Will the robot take my job? – ChatGPT, the history of AI and the worker

May 1, 2023
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Will the robot take my job? – ChatGPT, the history of AI and the worker

"What the working man sells is not directly his labour, but his labouring power, the temporary disposal of which he makes over to the capitalist." - Karl Marx, Wage-Labour and Capital/Value, Price and Profit (1848)


Artificial Intelligence is a prevalent topic at the moment. art, finance, and the law; Artificial Intelligence is filtering through all the industries, and everyone has their take on it - from a professional stance, to how this affects the very fabric of our being - It's about time we consider the effects of AI on society and labour.

 I think a lot of us have some sort of understanding of how it all works, but let’s have a look at where we have come from, and where we are going:

Artificial intelligence is defined as the theory and development of computer systems able to perform tasks usually requiring human intelligence, such as visual perception, speech recognition, decision-making, and translation between languages.

AI vs Humans - Who's going to win? (Photo: Jem Sahagun)


With the groundwork laid in 1951, British computer scientist Christopher Strachey wrote the first AI program. On a Ferranti Mark I computer at the University of Manchester, Strachey's program learned how to play a complete game of checkers by the summer of 1952.


A couple of years ago, during the lonelier parts of the pandemic, I downloaded an AI chatbot to develop a relationship with you through conversations and learning about you and your interests like a friend would. Eventually, it would develop a more familial relationship. As much as it was fun to test out, the very un-human-like response was why I eventually uninstalled the app, even if there were no noticeable technical errors. Even if I couldn't leave the house, it's not like an AI could give me the social interaction I craved.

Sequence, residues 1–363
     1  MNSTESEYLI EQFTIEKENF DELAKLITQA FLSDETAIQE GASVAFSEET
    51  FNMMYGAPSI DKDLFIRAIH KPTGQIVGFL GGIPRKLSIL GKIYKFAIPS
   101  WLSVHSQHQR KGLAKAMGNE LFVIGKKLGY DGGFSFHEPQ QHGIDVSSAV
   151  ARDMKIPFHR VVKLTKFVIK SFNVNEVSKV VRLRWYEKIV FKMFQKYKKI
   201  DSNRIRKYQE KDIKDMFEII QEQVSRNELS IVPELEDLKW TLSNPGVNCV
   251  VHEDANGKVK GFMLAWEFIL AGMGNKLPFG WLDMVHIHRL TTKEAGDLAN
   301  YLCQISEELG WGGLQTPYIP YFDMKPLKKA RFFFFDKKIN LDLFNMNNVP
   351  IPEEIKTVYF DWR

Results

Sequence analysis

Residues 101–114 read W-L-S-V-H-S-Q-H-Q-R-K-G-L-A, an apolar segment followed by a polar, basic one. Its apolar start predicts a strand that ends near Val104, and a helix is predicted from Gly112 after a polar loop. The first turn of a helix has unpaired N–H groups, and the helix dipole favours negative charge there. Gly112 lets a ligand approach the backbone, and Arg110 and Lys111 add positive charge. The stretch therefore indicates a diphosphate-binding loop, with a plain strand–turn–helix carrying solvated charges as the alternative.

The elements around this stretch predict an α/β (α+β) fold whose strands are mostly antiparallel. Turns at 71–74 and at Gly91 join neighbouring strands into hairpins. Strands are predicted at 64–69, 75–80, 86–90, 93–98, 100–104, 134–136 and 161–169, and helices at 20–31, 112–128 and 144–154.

ChatGPT is on everyone's mind right now. Developed by the company Open AI in 2022, this AI is one of the most significant learning models in the history of the discipline. And it's one of the first to gain such popularity with the public.


.. But this leads to many questions about our humanity - what can it do for us in the end? What are the limitations? Is it going to shape our future?


And the one question that has been bothering me - what is to become of the worker?


Buzzfeed, a news and entertainment site popular in the early 2010s, silently posted around 40 travel articles written by the most famous AI - Chat GPT. 


Do you think an AI could write this blog?


AI could very well replace us all but let's be honest about it - it's not like we are dealing with sentient beings, the robots aren't 'taking over' (yet), and this isn't a 1980sprediction about flying cars and talking maid bots - society still exists, our current hegemonic view can only think about replacing humans with robots because of the very nature of labour.


More than just computers, a pot plant would replace you if your higher-ups felt that it could perform a task more to their liking.

Being open to AI is essential. You could be using technology to enhance your career, find new passions and find a path true to yourself. 

It's not always a bad thing to be replaced by technology. Theoretically, this should allow you to grow into a career that's perhaps more your speed. 

 If this were a world that valued humans first, we would quickly find solutions. But that's only if companies and governments are equipped for mass lay-offs and new directions of job creation.

And your rights as a worker? Our current laws will indeed have to change, considering how countries like Italy and Cuba have already banned the programme, citing concerns for citizens 'privacy. 


Let's see where this goes -being open to this shift is crucial, but let's not forget to question and value the human workers first.